Mr. Andrew Slavitt
Acting Administrator
Centers for Medicare and Medicaid Services
Washington, D.C..

Dear Mr. Slavitt:

No doubt you were surprised at the strong, widespread reaction to your comments regarding the Meaningful Use Program as part of your speech to the JP Morgan Healthcare Conference several weeks ago. Your quote regarding the hearts and minds of physicians was particularly noteworthy. After decades of Federal regulatory hostility towards physicians, some of us doctors were pleasantly surprised – even shocked – to hear you acknowledge:

– physicians exist beyond just being another cog in the healthcare machine.
– physicians actually have hearts and minds.
– physicians’ opinions might have value to you.
– programs that are poorly designed distract physicians from patient care.
– CMS aspires to a “cultural focus on listening and learning”

Many of us physicians reacted like starving prisoners when the Commandant announces that there will be extra cockroaches for dinner. Though the news was small, many of us were overjoyed.

But most of us (60% by a recent survey) reacted differently. The majority of us understand the political savvy of saying something controversial about your enemy. Such a move can create a useful distraction, driving the enemy to argue amongst themselves while you continue with work that you would rather we didn’t notice…and that is exactly what has happened. Like an octopus squirting ink into the water you have created an effective smokescreen to let you spend the next few months coding Meaningful Use into MACRA without any interference from us.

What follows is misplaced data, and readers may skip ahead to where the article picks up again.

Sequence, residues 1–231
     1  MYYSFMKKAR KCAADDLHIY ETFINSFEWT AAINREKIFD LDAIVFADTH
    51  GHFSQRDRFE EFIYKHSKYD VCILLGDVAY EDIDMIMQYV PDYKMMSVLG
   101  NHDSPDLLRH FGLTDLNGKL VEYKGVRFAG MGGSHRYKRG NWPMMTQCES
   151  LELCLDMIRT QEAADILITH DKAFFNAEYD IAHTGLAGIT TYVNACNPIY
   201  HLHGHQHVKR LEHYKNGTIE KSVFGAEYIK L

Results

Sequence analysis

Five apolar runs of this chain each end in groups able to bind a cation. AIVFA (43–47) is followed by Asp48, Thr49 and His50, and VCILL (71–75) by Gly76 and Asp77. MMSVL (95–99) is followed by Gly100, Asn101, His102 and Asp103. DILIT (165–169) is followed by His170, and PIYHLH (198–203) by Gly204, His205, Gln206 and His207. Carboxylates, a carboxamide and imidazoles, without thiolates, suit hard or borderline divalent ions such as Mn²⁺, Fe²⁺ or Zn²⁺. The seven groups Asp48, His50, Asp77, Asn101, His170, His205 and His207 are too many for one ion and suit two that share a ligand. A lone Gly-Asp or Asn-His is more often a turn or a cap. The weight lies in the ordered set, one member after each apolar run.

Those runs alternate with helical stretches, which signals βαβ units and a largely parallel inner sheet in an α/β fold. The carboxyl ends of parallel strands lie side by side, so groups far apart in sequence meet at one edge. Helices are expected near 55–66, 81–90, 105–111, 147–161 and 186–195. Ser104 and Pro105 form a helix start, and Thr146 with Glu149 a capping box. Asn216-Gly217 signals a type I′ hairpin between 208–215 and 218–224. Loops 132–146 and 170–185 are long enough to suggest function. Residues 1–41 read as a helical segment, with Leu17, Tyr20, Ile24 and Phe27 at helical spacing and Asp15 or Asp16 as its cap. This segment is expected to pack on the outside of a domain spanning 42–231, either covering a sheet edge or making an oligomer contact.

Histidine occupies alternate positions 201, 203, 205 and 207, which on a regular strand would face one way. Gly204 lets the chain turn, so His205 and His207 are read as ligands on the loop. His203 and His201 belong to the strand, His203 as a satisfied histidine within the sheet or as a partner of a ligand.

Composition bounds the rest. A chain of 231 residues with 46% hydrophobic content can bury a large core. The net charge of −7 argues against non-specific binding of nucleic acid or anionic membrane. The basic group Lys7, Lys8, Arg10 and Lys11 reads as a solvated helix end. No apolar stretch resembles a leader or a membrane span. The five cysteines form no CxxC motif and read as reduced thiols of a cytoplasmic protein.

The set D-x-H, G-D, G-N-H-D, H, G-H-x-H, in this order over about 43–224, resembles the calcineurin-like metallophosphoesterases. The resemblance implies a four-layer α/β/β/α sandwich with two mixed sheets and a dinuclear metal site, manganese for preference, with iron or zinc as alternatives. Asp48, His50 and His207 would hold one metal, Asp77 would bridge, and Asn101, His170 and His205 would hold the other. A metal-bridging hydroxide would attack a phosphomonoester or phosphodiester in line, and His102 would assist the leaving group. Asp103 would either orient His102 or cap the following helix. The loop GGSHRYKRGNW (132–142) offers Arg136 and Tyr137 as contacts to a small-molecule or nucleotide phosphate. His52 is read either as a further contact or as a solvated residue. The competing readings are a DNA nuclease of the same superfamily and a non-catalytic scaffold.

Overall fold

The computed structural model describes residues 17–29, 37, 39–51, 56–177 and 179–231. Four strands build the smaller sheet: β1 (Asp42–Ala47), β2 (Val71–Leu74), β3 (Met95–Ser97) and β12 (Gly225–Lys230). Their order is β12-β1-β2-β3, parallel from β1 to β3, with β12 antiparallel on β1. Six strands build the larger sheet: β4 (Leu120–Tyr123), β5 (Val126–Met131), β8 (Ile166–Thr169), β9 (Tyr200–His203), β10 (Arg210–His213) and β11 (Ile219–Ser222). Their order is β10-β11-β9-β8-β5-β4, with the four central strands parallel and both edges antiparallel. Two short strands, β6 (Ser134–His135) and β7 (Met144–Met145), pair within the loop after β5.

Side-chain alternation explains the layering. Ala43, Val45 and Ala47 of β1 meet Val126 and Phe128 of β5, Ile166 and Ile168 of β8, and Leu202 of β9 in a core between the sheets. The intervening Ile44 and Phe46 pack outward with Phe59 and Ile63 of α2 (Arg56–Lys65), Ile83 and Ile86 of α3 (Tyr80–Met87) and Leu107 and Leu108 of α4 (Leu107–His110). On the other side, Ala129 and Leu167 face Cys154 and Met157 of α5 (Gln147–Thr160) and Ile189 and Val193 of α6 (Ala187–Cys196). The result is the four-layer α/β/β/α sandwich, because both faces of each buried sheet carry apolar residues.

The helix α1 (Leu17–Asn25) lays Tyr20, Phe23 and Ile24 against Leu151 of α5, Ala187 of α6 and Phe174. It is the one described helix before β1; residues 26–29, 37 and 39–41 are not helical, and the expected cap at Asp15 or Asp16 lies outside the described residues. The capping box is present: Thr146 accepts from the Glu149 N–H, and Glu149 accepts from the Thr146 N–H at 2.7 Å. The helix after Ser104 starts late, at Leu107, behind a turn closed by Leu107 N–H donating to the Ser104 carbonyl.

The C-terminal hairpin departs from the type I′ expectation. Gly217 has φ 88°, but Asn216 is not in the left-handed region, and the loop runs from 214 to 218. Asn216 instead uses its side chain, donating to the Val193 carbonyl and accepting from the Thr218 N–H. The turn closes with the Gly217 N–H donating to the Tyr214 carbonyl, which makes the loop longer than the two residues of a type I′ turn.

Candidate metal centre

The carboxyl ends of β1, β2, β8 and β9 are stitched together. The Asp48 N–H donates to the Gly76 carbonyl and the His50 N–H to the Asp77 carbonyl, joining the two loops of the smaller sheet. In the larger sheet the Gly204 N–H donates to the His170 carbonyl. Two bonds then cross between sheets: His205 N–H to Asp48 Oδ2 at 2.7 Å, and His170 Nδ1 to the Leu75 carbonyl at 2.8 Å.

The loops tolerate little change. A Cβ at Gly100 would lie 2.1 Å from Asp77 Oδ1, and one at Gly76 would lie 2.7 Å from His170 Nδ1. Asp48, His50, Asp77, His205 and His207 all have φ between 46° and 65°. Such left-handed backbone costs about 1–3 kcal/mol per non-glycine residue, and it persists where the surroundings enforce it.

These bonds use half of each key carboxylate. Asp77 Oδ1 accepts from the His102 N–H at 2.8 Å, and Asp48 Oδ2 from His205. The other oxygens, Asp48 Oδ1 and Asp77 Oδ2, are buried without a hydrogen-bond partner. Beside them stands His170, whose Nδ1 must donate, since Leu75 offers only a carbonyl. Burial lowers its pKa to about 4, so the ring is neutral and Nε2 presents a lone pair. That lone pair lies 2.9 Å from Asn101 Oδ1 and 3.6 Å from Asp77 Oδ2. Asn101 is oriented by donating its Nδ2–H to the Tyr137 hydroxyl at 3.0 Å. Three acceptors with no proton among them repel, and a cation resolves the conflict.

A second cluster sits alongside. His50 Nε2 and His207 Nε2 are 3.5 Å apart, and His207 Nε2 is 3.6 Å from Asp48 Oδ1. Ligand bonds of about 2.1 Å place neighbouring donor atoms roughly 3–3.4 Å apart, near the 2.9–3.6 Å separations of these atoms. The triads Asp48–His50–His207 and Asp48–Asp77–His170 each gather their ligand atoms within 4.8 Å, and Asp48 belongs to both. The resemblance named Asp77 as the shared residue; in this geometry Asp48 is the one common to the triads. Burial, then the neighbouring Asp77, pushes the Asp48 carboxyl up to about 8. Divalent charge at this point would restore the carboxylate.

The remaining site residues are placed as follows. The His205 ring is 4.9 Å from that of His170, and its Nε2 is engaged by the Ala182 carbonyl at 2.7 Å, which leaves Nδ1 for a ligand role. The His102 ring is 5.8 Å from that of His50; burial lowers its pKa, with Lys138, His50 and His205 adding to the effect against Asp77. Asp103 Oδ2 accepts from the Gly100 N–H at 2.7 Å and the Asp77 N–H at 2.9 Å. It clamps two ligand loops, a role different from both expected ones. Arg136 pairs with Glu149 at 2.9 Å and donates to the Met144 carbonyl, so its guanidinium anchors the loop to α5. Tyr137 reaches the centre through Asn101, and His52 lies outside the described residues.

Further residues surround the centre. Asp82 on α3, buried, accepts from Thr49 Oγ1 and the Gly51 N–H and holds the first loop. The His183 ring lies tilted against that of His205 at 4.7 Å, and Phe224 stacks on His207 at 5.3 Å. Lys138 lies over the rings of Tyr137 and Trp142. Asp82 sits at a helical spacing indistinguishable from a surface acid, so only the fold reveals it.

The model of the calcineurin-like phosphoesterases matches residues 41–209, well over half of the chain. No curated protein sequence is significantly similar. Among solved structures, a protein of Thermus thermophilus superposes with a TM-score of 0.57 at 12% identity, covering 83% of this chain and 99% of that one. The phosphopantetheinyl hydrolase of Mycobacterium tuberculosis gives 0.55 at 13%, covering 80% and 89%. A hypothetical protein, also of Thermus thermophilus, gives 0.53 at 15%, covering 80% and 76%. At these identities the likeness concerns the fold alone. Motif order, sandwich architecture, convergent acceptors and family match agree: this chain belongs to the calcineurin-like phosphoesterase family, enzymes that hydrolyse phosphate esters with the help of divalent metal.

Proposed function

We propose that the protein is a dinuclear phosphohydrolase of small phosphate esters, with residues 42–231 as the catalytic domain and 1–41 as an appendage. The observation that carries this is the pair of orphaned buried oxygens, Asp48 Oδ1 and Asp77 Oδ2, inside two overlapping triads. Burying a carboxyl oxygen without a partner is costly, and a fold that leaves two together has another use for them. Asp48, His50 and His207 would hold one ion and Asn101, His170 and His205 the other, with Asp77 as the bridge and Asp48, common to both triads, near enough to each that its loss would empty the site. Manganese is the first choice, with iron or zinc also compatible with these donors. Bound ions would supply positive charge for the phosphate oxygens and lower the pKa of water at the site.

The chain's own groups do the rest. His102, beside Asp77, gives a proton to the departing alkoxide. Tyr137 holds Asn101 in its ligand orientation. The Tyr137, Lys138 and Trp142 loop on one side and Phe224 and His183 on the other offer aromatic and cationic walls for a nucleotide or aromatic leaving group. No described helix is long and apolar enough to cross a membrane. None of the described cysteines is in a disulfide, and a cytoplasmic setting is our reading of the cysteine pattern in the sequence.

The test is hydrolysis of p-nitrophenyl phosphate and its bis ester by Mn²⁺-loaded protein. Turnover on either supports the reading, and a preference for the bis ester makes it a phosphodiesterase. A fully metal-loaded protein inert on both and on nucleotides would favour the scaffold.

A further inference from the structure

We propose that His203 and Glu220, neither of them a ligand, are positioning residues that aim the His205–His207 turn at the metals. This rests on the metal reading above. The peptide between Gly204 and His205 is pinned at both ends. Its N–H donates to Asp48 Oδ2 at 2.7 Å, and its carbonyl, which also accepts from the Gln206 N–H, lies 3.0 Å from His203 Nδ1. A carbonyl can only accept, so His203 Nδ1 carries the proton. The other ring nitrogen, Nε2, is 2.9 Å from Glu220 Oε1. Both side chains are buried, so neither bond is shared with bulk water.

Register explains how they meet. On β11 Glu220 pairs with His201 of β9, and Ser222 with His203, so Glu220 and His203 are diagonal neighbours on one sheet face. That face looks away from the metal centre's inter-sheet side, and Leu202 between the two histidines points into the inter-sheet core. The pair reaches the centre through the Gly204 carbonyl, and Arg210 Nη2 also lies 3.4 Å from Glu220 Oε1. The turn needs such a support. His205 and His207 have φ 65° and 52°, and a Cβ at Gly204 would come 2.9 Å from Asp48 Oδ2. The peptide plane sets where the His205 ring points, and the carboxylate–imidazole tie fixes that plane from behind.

So the purpose of this letter is to ask the question: Which of the above interpretations of your comments is correct? What are your intentions?

If your comments are sincere then consider this letter a warm introduction to the group of rapidly growing, grass-roots full time practicing physicians whom this letter represents. Over the past few years we have acquired the policy expertise and political skills to be effective leaders and collaborators with you to bring truly meaningful improvements to America’s health care. Realize that the leaders of organized medicine with whom you currently work – including the AMA , whose membership represents less than 15% of practicing physicians – do NOT represent the “hearts and minds” of physicians that you profess to seek. If you mean what you say then we are reaching out to you.

If, on the other hand, your comments are nothing more than political subterfuge, then this letter serves as a warning. We are not buying the political offal that you are selling. This physician group will use all of its intellectual, financial and political resources to make it far more difficult for you to destroy what is left of health care in America.

The choice is yours. We look forward to hearing from you.

Michael Koriwchak, M.D.
Vice President
Docs4PatientCare Foundation

Making Tablets More Effective for Data Capture